Photonics

Photonics - Overview - EHS Text

Photonics includes the generation, emission, transmission, modulation, signal processing, switching, amplification, and detection/sensing of light. The commercial applications of nanotechnology in the field of photonics include: lasers and parts thereof, nano-engineered photonics materials, communications & all-optical signal processing, and nanoscale functional imaging and spectroscopy. Products for the sector photonics range from communication technology such as Low-Power 100 Gb/s Optical Engine by Mellanox Technologies and Rings of fire by HP to laser devices such as the Comb-Laser by Innolume.

A number of nanoparticles have been identified in the overview of commercially-available products as being used in photonic products:

  • Gallium nitride nanowires
  • Germanium nanoparticles
  • Graphene
  • Silicon dioxide (silica), crystalline
  • Silicon dioxide (silica), synthetic amorphous
  • Single-walled carbon nanotube (SWCNT)
  • Titanium dioxide (titania, rutile, anatase)

The basis for the EHS evaluation was “Stoffenmanager Nano” application [1,2] a risk-banding tool developed for employers and employ­ees to prioritise health risks occurring as a result of respiratory exposure to nanoparticles for a broad range of worker scenarios.

The respiratory route is the main route of exposure for many occupational scenarios, while the oral route of exposure is considered minor and sufficiently covered, from a safety point of view, by good hygiene practices established in production facilities as prescribed through general welfare provisions in national health and safety legislation in EU countries [3]. In view of the nature of the products in this sector, oral exposure of consumers is also considered to be minor.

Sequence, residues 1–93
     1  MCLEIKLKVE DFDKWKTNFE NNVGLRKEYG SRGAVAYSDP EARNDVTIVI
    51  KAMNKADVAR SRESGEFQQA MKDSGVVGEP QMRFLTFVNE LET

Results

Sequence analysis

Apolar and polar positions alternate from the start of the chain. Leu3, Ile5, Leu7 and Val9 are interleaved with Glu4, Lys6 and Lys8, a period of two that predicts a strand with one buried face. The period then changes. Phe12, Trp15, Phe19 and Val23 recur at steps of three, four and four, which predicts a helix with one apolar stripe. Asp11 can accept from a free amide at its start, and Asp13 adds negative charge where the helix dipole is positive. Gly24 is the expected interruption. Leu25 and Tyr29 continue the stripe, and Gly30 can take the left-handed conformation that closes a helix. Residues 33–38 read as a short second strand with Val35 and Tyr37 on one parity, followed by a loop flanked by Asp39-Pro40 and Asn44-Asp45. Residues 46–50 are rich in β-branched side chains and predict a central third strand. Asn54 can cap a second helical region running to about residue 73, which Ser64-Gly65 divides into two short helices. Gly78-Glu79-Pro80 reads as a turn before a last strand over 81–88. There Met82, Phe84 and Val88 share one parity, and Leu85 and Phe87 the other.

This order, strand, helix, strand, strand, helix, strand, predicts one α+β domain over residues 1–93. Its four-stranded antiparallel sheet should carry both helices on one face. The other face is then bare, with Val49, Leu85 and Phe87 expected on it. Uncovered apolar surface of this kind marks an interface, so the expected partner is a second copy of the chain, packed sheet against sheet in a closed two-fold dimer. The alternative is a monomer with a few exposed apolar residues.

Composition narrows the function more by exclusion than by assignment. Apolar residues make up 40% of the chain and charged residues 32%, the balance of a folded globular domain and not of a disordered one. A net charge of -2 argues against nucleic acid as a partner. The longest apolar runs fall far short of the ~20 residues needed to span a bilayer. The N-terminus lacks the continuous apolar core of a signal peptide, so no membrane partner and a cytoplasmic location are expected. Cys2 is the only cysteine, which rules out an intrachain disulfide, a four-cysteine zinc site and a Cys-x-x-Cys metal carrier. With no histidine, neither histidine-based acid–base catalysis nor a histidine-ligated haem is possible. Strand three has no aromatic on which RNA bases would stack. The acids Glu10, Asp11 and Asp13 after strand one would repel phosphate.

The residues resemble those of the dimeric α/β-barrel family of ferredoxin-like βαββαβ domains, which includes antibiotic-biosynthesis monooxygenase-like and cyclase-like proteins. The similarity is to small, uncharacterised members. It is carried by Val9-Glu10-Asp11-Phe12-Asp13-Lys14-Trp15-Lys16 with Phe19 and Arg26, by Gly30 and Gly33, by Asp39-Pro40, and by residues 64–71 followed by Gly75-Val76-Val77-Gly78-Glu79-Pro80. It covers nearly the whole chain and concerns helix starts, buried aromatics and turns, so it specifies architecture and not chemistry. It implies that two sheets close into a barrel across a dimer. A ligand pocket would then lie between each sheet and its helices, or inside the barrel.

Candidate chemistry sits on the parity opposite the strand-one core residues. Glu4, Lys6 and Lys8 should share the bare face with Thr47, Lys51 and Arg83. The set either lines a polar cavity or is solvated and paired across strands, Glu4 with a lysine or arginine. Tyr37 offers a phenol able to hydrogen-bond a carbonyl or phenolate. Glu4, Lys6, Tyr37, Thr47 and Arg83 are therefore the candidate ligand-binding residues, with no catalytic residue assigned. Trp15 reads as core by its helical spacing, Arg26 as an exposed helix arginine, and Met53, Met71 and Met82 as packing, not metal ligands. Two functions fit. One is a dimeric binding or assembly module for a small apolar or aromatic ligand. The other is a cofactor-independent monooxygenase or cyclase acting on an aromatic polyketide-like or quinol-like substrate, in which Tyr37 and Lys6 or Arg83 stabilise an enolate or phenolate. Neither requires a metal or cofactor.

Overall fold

The dermal route may be the main route of exposure for some substances or exposure situations, and cause local effects on the skin or systemic effects after absorption into the body [4]. However, nanoparticles as such are very unlikely to penetrate the skin [5] and consequently nano-specific systemic toxicity via the dermal route is improbable. Therefore, when evaluating risks from nanotechnology for the respiratory route, the most important aspects of occupational and consumer safety are covered.

In summary, the highest concern for workers and consumers comes from gallium nitride nanowires, crystalline silica and single-walled carbon nanotubes, with respect to use and production. Furthermore, there is a moderate risk to workers from amorphous silica and a low risk from the use and production of titania and from the use of amorphous silica and titania.

1 Marquart, H., Heussen, H., Le Feber, M., Noy, D., Tielemans, E., Schinkel, J., West, J., Van Der Schaaf, D., 2008. 'Stoffenmanager', a web-based control banding tool using an exposure process model. Ann. Occup. Hyg. 52, 429-441.

2 Van Duuren-Stuurman, B., Vink, S., Verbist, K.J.M., Heussen, H.G.A., Brouwer, D., Kroese, D.E.D., Van Niftrik, M.F.J., Tielemans, E., Fransman, W., 2012. Stoffenmanager Nano version 1.0: a web-based tool for risk prioritization of airborne manufactured nano objects. Ann. Occup. Hyg. 56, 525-541.

3 ECHA, 2012. Chapter R.14: Occupational exposure estimation in: Anonymous Guidance on Information Requirements and Chemical Safety Assessment., Version: 2.1 ed. European Chemicals Agency, Helsinki, Finland.

4 Ibid

5 Watkinson, A.C., Bunge, A.L., Hadgraft, J., Lane, M.E., 2013. Nanoparticles do not penetrate human skin - A theoretical perspective. Pharm. Res. 30, 1943-1946

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